More robots entering the home? And by the way, what IS a robot… ?


The Automatic Shower Cleaner by SC Johnson isn’t a robot by our standards, but it’s close and we like it nonetheless. It might fit the definition of a robot by the dictionary definition, you be the judge:

ro·bot (rÅ?’bÅ?t’) n.

1. A mechanical device that sometimes resembles a human and is capable of performing a variety of often complex human tasks on command or by being programmed in advance.
2. A machine or device that operates automatically or by remote control.
3. A person who works mechanically without original thought, especially one who responds automatically to the commands of others.

Here at TR we tend to define a robot as a machine which alters or determines it’s behavior based upon sensory input. For instance, if an automatic shower cleaner could sense when to spray the shower on it’s own or how much to spray the shower through sensors then it would be a robot undeniably.

A sensing machine doesn’t need to resemble a human or even do a human task to be a robot by our terms. The task can be simple or very complex. The important part is that it in some way makes decisions based upon input of some format. This is where we draw our line. It can be argued then that even your refrigerator or heating & air conditioning are robotic devices. These are machines that alter their behavior based upon sensory feedback. They are replacing tasks of human work such as tending to the fireplace or opening and closing windows to regulate the temperature in the home. Would you considers these to be robots? What about a washing machine for clothes or dishes? Those machines replace a repetative human task. Intelligent washing machines which have sensors inside analyses how the cleaning is going and alter their cycles accordingly. Wouldn’t this fit the definition of a robot?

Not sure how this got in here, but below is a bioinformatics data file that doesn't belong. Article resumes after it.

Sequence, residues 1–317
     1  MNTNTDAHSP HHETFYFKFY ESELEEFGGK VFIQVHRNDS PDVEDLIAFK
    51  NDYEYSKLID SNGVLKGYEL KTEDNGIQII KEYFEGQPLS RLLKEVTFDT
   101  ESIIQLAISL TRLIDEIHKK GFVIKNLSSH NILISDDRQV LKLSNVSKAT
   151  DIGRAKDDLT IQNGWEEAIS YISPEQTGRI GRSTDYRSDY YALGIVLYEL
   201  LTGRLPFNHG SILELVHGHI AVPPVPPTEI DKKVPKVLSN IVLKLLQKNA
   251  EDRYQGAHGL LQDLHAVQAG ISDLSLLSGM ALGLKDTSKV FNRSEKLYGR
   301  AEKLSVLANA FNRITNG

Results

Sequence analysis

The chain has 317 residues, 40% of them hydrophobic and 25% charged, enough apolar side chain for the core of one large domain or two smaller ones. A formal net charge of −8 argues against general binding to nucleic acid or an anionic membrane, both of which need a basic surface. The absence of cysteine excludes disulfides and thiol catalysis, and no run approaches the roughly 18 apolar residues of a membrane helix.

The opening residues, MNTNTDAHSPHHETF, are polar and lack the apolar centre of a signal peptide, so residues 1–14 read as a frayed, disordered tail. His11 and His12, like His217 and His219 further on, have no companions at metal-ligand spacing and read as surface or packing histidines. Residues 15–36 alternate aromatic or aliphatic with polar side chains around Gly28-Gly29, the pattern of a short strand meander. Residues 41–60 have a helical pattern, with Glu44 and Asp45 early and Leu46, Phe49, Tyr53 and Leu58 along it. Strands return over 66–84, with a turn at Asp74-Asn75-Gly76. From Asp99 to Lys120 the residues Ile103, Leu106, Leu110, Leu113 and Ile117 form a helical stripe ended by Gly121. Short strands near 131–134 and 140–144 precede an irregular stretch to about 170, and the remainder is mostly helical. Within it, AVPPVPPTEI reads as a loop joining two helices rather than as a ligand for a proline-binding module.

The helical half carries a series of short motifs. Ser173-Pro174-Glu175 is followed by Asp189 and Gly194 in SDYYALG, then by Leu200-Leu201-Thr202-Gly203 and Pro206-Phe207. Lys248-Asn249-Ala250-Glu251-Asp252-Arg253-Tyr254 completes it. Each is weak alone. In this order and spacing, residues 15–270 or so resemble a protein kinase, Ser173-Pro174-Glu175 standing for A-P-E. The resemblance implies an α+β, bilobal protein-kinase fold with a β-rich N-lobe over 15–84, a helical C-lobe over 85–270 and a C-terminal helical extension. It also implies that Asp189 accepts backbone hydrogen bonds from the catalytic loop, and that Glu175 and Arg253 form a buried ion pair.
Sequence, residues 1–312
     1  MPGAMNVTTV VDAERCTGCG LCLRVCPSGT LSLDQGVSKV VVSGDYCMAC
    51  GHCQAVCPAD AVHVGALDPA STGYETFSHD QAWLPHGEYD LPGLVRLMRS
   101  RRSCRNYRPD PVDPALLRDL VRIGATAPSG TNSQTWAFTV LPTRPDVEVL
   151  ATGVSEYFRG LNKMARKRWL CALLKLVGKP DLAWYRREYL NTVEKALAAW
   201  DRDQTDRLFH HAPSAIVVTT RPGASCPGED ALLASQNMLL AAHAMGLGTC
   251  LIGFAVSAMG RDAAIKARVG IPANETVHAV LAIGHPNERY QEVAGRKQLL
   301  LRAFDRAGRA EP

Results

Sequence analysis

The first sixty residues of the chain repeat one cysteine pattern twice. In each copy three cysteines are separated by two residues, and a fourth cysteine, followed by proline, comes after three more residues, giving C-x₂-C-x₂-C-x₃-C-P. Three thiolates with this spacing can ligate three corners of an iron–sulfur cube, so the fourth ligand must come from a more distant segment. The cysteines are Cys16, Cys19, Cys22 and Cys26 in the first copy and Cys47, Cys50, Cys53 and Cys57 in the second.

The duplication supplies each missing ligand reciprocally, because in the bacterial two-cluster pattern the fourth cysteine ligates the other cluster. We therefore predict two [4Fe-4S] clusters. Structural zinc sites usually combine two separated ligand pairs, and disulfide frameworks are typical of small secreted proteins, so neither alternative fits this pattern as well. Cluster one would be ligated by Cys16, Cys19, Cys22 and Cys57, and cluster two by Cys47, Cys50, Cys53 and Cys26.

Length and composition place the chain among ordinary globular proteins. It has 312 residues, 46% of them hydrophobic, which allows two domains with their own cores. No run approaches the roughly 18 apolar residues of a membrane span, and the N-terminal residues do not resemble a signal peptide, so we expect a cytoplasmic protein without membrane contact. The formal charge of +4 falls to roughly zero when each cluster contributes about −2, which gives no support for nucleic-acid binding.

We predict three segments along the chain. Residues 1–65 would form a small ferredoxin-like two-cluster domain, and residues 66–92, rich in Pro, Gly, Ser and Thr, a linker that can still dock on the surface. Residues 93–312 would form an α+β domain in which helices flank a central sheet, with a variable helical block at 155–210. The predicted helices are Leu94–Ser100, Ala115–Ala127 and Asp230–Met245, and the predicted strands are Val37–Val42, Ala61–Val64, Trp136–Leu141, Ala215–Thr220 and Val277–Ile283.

However, if you asked anyone these days to name a home robot you aren’t going to get “my dishwasher” or “my refrigerator” as an answer. You can lay good money on the bet that you will hear instead the funny little word, Roomba.

Roomba My Room Bud

When people think of robots they tend to think of moving machines. Or more specifically, machines that move on their own without a human guiding them. The Roomba, being a mobile robotic vacuum cleaner fits most everyone’s idea of a robot. The robot can sense dirty spots on the floor, find it’s own way back to it’s charging dock, sense walls, furniture, and even drop offs like stair cases. This endearing robot has been so successful that it is now a household name. Some entrepreneurial kids have started a company selling animal covers for the Roomba. As for real family pet’s? Some pets seem to be taking the addition of the latest family member in stride while others are having issues over sharing their domain.

This robot has caused such a stir that even SNL has created a parody product called the Woomba inspired by the famous vacuum. (Warning: Somewhat adult material) EDIT: Apparently, this robot caused such a stir that it was removed from YouTube (o.g. URL

Jetsons robot rosie